Since the late 1970s, protest movements have focused more on cultural than economic issues. These new movements were crucial. However, as social and political protest no longer paid much attention to socioeconomic inequalities, these problems grew in the shadows. The brief, more virtual than real protest of the “Occupy Wall Street” movement cannot be compared with the negotiating power of strong trade unions or labor parties in the 1960s and 1970s. The disembedding of capitalism is challenging democracy’s crucial principal of political equality. Representative democracy has not found effective antidotes against the disease of socioeconomic and political inequality. All countermeasures discussed in democratic theory—from referenda to deliberative assemblies, monitoring (Keane 2011), or counter-democracy (Rosanvallon 2008)—may save whales, help control government and improve certain spheres of local democracy, but have little relevance for reregulating markets, restoring social welfare and halting progressing inequality. The cultural turn of progressive democratic politics has forgotten the problem of economic redistribution and now stands empty-handed, without a cure for democracy’s most obvious disease: inequality. Is capitalism compatible with democracy? It depends. It depends on the type of capitalism and on the type of democracy. If one insists that democracy is more than the minimalist concept proposed by Joseph Schumpeter and takes the imperative of political equality and Hans Kelsen’s dogma of “autonomous norms” seriously, the present form of financialized “disembedded capitalism” poses considerable challenges to democracy. If these challenges are not met with democratic and economic reforms, democracy may slowly transform into an oligarchy, formally legitimized by general elections. It is not the crisis of capitalism that challenges democracy, but its neoliberal triumph.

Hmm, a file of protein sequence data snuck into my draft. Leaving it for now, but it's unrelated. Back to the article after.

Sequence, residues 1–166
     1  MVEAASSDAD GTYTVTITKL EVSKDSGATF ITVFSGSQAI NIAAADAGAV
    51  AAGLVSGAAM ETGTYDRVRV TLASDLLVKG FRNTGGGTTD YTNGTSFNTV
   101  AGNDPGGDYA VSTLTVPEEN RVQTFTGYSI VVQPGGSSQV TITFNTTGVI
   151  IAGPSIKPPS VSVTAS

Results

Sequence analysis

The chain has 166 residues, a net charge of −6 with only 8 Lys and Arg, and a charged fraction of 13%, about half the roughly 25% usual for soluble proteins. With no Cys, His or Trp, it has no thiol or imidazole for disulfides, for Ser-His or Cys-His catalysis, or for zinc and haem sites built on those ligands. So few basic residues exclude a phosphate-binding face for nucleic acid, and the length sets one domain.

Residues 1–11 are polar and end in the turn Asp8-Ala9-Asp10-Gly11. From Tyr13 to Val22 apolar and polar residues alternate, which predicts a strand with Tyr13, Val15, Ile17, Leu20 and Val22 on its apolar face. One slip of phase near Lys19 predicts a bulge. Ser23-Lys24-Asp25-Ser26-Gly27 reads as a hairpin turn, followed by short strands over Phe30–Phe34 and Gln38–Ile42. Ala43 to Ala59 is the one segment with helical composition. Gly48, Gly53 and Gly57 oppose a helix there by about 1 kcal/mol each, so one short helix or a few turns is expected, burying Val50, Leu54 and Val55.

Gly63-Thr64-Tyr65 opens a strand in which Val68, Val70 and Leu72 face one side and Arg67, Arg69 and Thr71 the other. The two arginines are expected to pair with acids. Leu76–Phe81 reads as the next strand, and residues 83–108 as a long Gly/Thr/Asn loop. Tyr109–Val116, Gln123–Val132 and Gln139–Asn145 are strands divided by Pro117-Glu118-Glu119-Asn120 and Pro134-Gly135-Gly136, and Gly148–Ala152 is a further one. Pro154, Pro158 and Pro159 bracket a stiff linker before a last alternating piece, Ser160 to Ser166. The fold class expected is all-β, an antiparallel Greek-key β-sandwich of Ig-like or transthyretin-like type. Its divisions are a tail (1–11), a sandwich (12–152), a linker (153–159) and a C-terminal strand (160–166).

The article is a modified version of a co-authored text by Jürgen Kocka and Wolfgang Merkel: “Kapitalismus und Demokratie” forthcoming in: Merkel, Wolfgang (ed.) “Ist die Krise der Demokratie eine Erfindung?” (Merkel 2014). I am very grateful to J. Kocka, however, all remaining weaknesses or shortcomings of this text are my own.